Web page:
The next six months we will witness a great human tragedy...
For the next 6 months, we will witness a great human tragedy. Ukrainian armed forces will face difficult conditions on the battlefield, writes "Foreign Affairs"Source: index.hr
The text then added that Ukrainian civilians will continue to suffer daily Russian attacks. Meanwhile, Russia's underequipped and poorly led units will suffer heavy losses, destroying the country's remaining combat capability.
The Russian military has already suffered "well over 100,000" deaths and injuries, according to US Joint Chiefs of Staff General Mark Milley. "And thanks to the negligence and cruel indifference of President Vladimir Putin's regime, thousands more will perish this winter due to the callous disregard for human life," writes "Foreign Affairs".
The newspaper predicts that the help of the newly promised Western tanks and other weapons will give the Ukrainian armed forces the opportunity to liberate Crimea, which was annexed by the Russians in 2014.
From the beginning of the war, the issue of Crimea was sidelined, as Ukraine focused on defending itself from attack, but now, as the war progressed and Ukraine liberated large parts of its territory, the Kyiv's rhetoric regarding Crimea has changed.
"Foreign Affairs" estimates that, if peace talks were to start now, Ukrainian President Volodymyr Zelensky would have to be open to an agreement over Crimea. But if the fighting continues into the spring and summer and Ukraine inflicts heavy losses on Russia, it will become increasingly difficult for Zelensky to allow Putin to save face and allow Russia to continue its temporary occupation of Crimea.
It is estimated that by summer, Ukraine will likely begin targeting much of Russia's military infrastructure in Crimea in preparation for an all-out campaign to liberate the peninsula. That would force Putin to the negotiating table and create room for diplomatic talks while the final status of Crimea remains unresolved, offering Putin a way out of Ukraine that does not guarantee his political demise and allowing Ukraine to avoid an enormously expensive military campaign that is far from certain to succeed.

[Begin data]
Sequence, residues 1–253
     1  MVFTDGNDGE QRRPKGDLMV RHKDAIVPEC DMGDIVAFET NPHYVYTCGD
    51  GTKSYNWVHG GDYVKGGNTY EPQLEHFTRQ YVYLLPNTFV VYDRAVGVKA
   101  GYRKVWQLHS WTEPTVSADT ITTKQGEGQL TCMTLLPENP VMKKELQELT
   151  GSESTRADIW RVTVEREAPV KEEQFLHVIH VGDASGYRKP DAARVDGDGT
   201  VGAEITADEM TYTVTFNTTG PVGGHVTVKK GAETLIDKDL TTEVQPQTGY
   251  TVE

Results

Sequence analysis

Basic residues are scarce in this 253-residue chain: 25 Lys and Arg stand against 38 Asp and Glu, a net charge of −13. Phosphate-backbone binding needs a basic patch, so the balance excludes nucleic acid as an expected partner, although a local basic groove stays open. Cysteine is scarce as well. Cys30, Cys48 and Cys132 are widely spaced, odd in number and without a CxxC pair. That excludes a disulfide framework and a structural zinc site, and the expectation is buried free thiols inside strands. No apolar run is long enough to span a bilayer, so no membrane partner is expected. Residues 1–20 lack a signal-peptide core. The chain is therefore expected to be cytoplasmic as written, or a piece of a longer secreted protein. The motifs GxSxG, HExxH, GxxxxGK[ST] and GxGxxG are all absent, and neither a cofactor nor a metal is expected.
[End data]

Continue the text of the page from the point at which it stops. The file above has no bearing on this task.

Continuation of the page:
An eventual deal would require an immediate drawdown of Russian conventional forces on the peninsula and pave the way for a referendum that would allow the people of Crimea, including those displaced after 2014, to determine the final status of the region.
In order for the Ukrainians to regain Crimea, militarily, the first step would be to contain Russian forces in the regions of Kherson and Lugansk, as well as in the northern part of Donetsk. Ukraine would then liberate the rest of Zaporizhzhia province and push through southern Donetsk to the Sea of Azov, cutting off Russia's land link with Ukraine.
Ukrainian forces should also destroy the bridge over the Kerch Pass, which connects Russia to the Crimean peninsula and allows Moscow to supply troops by land and rail. That same bridge was attacked and part of it was destroyed in an explosion in October, but it could be completely rebuilt by the summer.
Without that bridge, the Kremlin would be forced to revert to a maritime supply option, but that would simply not be enough for a Russian invasion.
At the same time, the Ukrainians could launch an attack on Russia's infrastructural and military targets, massing forces in the north of Crimea that would be ready to invade the peninsula.
But, as "Foreign Affairs" assesses, even with unprecedented support from the West, Ukraine would have a problem with undertaking such an operation. The West, on the other hand, has largely persisted with sending weapons to Ukraine, and does not plan to send "leopards", "patriots" either...
That, on the other hand, means that Western reluctance to fully support Ukraine and defeat Russia would undermine Ukraine's ability to mount such an offensive and likely cause the war to drag on well into 2023.